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Beech Forest in Croatian National Parks on UNESCO World Heritage List

Northern Velebit National Park (Photo: Facebook/NP Sjeverni Velebit)

UNESCO has inscribed beech tree forests in the Northern Velebit and Paklenica National Parks in Croatia as a new world heritage site.

The decision was made at the 41st sitting of the World Heritage Committee in Kraków, Poland back in July and yesterday in Zagreb the official UNESCO Charter was presented to directors of both National Parks.

The UNESCO World Heritage Charter was presented to the NP Paklenica Director Natalija Andačić and NP Northern Velebit Director Irena Glavičić Sertić by Croatia’s Minister of Culture Nina Obuljen Koržinek and Environment Minister Tomislav Ćorić.

The UNESCO Charter presented to the National Park Directors yesterday in Zagreb (Photo: mzoip.hr)

The decision to inscribe beech tree forests in the Northern Velebit and Paklenica National Parks is an extension of the UNESCO protection of the Primeval Beech Forests of the Carpathians and the Ancient Beech Forests of Germany, which now stretches over 12 countries: Albania, Austria, Belgium, Bulgaria, Croatia, Germany, Italy, Romania, Slovakia, Slovenia, Spain, and Ukraine.

The beech forests at Northern Velebit National Park are situated in two special reservations in the park called Hajdučki kukovi and Rožanski kukovi. It is regarded as one of the most beautiful karst terrains in the world and has a very high concentration of vertical speleological objects with special features such as one of the deepest pits and the longest inner vertical in the world. Only scientific researchers and educational visits are allowed in the protected area.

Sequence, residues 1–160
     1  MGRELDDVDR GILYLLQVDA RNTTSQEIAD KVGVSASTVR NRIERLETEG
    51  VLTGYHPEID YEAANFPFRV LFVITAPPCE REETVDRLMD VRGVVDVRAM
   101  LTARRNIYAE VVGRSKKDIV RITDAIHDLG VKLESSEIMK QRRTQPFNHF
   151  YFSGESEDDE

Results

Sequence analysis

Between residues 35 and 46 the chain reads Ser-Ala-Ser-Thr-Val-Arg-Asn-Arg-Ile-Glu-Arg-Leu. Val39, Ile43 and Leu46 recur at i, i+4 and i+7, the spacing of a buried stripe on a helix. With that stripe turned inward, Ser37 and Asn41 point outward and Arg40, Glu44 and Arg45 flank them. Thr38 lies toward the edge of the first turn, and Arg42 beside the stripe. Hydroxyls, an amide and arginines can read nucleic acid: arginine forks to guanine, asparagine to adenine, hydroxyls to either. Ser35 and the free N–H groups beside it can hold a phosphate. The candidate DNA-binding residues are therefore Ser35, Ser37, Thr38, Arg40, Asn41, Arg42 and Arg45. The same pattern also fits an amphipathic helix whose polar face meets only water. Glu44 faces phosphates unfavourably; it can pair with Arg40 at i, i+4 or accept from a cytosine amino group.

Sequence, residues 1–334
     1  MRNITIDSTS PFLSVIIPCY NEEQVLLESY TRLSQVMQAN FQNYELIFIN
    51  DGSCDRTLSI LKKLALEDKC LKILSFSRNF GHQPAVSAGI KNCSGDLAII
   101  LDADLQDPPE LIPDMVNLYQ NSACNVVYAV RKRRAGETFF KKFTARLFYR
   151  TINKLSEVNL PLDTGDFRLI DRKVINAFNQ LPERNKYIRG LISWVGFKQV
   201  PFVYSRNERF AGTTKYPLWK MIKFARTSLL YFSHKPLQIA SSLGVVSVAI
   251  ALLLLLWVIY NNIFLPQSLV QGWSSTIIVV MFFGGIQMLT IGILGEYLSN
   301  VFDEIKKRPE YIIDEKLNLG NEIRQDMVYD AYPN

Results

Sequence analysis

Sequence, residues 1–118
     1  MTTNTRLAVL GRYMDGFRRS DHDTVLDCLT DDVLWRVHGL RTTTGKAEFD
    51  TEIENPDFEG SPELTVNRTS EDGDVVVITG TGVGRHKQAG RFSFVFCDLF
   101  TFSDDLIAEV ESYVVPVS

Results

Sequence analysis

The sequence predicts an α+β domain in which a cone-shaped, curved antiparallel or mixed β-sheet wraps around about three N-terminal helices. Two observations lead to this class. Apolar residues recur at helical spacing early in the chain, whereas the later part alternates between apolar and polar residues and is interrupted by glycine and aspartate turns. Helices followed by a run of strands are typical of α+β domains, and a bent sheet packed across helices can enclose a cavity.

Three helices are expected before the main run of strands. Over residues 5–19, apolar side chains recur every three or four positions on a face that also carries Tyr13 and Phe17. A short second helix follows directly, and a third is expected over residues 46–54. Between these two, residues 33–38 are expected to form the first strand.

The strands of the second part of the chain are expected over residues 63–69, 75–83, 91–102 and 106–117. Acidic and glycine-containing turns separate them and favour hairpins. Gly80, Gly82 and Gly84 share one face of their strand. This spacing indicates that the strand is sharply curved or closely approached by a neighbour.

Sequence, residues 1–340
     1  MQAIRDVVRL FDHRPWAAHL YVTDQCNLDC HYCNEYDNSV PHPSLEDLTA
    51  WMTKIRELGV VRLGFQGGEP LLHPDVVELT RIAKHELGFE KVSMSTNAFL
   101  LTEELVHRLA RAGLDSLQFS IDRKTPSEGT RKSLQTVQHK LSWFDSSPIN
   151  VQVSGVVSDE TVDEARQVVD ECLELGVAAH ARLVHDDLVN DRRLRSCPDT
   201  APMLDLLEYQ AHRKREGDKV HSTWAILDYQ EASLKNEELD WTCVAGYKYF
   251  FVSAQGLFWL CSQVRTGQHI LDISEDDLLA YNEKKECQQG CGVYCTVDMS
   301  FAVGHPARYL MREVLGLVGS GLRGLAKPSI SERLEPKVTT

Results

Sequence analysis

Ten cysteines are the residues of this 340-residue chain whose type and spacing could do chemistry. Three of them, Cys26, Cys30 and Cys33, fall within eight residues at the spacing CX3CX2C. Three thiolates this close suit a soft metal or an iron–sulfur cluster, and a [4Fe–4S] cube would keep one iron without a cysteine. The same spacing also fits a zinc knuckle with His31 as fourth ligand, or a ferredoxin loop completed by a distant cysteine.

Veliki Lubenovac krast valley on the edge of the strict reserve of Hajdučki kukovi and Rožanski kukovi (photo: parkovihrvatske.hr)

“This transboundary extension of the World Heritage site of the Primeval Beech Forests of the Carpathians and the Ancient Beech Forests of Germany (Germany, Slovakia, Ukraine) stretches over 12 countries. Since the end of the last Ice Age, European beech spread from a few isolated refuges in the Alps, Carpathians, Mediterranean and Pyrenees over a short period of a few thousand years in a process that is still ongoing. This successful expansion is related to the tree’s flexibility and tolerance of different climatic, geographical and physical conditions,” UNESCO stated.

The beech forests growing in the Reserve are of the Illyrian type, with a lot of specific Illyrian species in their composition, making them very species-rich and interesting from the floristic point of view. Although old, the beech specimens are not massive, as the extreme weather and rough terrain have worked a kind of “natural bonsai” on the trees, which grow very slowly and can be dwarfed and twisted. These forms, combined with the craggy rocks of the massive they grow on and stunning views of the seaside, create a unique, very peculiar and fantastic landscape of great aesthetic value.

Beech tree forests in Croatia (photo credit: Intipacha under CC)

Due to the geographical position, relief, carbonate bedrock with narrow outcrops of clastits and sandstone, it is under influence of three climate types: the Mediterranean, Continental, and Alpine. The beech forests are richer in a number of plant species growing in them and these forests represent the important centre of biological diversity.

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